'Heavenly Bodies: Fashion and the Catholic Imagination' opens May 10 at New York's Metropolitan Museum of Art
The Vatican, Versace and Vogue are joining forces to show off the Catholic influences in fashion.
The Vatican’s culture minister joined Donatella Versace and Vogue’s Anna Wintour on Monday to offer sneak peek of gorgeous Vatican liturgical vestments, jeweled miters and historic papal tiaras that will star in a spring exhibit at the Metropolitan Museum of Art in New York.
“Heavenly Bodies: Fashion and the Catholic Imagination” opens May 10 and represents the most extensive exhibit of the museum’s Costume Institute, officials said. It also represents the first time some of the Vatican’s most precious treasures from the Sistine Chapel sacristy are being exhibited outside the Vatican.
Along with the papal treasures, the Met show includes garments for more ordinary mortals by designers spanning Azzedine Alia to Vivienne Westwood, all set against the backdrop of the Met’s collection of medieval and religious artwork.
“Some might consider fashion to be an unfitting or unseemly medium by which to engage with ideas about the sacred or the divine,” curator Andrew Bolton told a crowd of Roman fashionistas and journalists. “But dress is central to any discussion about religion. It affirms religious allegiances and, by extension, it asserts religious differences.”
The exhibit, featuring some 40 Vatican vestments and accessories spanning 15 papacies, will be spread among various Met galleries as well as the Cloisters branch in upper Manhattan in what organizers called a planned “pilgrimage” blending fashion, faith and art.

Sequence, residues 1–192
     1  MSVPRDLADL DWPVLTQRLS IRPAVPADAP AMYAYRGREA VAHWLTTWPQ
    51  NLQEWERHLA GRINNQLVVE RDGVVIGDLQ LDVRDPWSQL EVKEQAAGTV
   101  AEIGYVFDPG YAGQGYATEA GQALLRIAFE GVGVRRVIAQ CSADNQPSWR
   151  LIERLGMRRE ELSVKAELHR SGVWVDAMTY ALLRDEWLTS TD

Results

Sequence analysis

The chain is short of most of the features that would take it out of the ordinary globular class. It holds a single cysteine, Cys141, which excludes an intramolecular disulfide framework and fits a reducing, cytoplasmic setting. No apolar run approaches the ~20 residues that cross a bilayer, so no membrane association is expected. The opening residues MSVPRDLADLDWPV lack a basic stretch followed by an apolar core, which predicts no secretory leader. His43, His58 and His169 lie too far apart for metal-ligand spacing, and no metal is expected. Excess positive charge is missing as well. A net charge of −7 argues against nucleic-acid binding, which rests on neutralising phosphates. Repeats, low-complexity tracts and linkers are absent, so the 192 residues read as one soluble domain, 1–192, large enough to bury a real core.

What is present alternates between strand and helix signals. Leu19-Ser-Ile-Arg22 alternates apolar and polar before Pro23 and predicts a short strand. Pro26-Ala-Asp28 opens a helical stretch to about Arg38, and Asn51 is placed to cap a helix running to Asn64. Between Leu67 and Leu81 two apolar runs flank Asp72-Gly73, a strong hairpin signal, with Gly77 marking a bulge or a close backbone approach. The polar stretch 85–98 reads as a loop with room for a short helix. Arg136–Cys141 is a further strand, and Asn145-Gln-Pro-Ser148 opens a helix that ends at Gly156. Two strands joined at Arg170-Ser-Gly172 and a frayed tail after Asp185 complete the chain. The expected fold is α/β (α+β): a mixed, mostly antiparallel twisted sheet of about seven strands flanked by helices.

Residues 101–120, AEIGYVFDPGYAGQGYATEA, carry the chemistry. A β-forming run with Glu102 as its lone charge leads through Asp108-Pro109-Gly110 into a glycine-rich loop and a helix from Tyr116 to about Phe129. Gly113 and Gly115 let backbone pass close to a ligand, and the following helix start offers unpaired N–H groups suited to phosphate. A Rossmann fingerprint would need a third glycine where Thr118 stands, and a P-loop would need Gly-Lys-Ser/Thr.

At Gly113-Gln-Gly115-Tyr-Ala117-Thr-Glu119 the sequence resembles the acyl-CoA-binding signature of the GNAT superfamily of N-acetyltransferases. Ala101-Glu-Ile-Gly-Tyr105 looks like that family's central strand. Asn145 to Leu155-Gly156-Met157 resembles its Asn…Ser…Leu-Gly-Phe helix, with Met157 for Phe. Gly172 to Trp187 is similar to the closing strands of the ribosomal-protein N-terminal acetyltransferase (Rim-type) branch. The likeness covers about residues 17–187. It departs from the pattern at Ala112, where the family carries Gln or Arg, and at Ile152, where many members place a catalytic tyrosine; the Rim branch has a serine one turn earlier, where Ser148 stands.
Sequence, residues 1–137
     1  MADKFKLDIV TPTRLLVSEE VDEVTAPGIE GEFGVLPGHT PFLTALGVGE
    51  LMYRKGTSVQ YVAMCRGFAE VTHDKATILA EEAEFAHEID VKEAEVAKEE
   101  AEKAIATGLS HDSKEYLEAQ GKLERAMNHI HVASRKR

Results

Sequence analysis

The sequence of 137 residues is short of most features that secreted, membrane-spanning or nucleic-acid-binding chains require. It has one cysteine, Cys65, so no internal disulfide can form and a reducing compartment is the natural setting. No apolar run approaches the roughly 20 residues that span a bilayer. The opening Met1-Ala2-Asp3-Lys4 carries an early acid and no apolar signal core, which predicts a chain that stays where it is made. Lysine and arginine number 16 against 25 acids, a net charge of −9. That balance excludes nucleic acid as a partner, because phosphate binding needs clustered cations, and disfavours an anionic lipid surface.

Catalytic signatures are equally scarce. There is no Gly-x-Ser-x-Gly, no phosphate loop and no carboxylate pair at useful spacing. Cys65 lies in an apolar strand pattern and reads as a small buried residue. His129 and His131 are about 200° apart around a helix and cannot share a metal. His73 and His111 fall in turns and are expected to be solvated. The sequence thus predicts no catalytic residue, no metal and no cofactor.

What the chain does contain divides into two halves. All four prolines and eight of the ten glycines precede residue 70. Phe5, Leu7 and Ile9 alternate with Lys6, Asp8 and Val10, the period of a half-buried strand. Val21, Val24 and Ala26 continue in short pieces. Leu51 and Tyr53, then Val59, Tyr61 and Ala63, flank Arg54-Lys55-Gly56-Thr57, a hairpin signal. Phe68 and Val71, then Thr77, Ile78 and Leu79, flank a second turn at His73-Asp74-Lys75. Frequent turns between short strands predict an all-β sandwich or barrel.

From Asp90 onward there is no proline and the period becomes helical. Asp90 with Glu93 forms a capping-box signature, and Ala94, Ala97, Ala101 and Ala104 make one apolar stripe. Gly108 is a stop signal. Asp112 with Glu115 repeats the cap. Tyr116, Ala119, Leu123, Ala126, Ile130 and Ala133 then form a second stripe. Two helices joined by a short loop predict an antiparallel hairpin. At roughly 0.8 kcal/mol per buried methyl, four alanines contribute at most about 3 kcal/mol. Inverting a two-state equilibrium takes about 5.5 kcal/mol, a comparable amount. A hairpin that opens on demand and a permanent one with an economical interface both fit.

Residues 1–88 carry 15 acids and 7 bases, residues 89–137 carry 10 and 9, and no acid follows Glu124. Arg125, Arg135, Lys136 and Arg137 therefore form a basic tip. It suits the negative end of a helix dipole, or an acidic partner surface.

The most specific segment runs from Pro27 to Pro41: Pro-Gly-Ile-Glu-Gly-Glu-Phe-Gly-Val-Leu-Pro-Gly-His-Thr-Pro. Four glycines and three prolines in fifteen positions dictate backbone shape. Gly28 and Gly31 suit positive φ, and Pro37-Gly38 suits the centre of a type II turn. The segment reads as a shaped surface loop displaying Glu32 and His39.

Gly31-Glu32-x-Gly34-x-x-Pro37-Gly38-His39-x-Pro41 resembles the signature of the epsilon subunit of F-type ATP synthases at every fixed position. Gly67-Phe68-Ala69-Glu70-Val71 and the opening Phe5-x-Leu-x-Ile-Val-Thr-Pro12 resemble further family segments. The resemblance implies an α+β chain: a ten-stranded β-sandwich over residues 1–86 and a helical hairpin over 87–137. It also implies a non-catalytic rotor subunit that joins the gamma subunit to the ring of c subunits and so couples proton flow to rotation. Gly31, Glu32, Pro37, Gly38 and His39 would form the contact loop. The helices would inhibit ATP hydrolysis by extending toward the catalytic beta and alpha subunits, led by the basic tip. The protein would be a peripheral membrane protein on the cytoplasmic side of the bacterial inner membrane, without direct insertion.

With Ennio Morricone’s soundtrack for “The Mission” playing in the background, visitors on Monday were able to glimpse a small sampling of the soon-to-be-shipped Vatican bling: The white silk cape embroidered with gold thread that once belonged to Pope Benedict XV, and the emerald, sapphire and diamond-studded miter, or pointed bishops’ hat, of Pope Leo XIII.
They were put on display at the Palazzo Colonna, a former papal residence in downtown Rome that is a jewel of the Roman Baroque period.
Wearing a cardinal-appropriate red and black velvet tunic dress, Wintour, for whom Costume Institute’s space was renamed, said the exhibit shows the influence of the papacy over millennia.
“Part of the power of the church has been how they look, and how they dress,” Wintour told The Associated Press. “They have this extraordinary presence.”
Wearing his red-trimmed clerical garb and red zucchetto, or beanie, Cardinal Gianfranco Ravasi, the Vatican’s culture minister, told the crowd at Palazzo Colonna that clothing oneself is both a material necessity and a deeply symbolic act that was even recorded in the biblical story of Adam and Eve.
“God himself was concerned with dressing his creatures,” Ravasi said.